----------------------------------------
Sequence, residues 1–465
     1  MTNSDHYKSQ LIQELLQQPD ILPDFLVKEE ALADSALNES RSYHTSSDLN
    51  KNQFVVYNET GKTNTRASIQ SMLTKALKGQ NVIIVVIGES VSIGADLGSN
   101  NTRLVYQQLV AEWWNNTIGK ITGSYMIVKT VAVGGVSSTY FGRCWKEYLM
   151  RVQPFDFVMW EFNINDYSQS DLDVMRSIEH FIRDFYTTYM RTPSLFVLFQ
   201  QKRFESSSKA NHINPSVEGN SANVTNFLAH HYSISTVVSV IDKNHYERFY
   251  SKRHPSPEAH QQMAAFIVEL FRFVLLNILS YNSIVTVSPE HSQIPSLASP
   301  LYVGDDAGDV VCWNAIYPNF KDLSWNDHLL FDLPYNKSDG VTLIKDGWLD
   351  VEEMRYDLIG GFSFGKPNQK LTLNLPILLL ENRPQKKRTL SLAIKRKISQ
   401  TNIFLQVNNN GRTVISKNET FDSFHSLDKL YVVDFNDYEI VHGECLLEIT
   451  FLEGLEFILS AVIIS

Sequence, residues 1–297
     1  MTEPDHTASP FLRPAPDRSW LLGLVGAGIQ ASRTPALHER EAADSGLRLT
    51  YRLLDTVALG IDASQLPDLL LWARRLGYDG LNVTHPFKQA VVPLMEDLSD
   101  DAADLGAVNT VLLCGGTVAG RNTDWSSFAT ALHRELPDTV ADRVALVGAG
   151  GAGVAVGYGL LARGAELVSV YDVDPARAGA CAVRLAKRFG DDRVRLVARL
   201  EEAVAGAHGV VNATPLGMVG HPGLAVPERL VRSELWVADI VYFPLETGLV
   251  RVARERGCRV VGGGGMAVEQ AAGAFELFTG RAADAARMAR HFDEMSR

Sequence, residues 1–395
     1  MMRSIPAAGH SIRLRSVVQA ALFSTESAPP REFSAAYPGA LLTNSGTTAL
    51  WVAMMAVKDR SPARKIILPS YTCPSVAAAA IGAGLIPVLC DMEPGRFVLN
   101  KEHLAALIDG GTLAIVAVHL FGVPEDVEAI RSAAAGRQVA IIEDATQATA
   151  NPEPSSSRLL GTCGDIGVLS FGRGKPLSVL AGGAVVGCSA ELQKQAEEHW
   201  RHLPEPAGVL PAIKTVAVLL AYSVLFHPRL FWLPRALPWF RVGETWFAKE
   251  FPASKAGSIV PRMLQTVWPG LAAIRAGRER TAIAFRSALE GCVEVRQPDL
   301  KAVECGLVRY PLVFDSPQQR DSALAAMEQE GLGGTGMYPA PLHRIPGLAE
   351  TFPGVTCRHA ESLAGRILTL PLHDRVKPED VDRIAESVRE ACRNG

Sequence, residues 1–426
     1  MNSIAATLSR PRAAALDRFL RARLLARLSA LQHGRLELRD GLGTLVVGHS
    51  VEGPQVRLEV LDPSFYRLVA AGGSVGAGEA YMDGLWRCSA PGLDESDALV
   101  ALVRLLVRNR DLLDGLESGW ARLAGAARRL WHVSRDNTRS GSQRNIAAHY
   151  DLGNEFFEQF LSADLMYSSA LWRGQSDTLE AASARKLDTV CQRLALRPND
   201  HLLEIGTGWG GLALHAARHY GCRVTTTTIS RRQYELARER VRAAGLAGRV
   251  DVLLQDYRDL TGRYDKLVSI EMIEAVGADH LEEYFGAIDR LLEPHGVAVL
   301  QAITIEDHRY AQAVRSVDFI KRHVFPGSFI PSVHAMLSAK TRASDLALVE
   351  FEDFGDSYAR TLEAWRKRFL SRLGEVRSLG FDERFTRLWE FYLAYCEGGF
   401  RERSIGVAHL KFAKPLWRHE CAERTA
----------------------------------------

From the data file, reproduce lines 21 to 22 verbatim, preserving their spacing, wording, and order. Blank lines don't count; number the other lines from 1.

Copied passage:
    51  WVAMMAVKDR SPARKIILPS YTCPSVAAAA IGAGLIPVLC DMEPGRFVLN
   101  KEHLAALIDG GTLAIVAVHL FGVPEDVEAI RSAAAGRQVA IIEDATQATA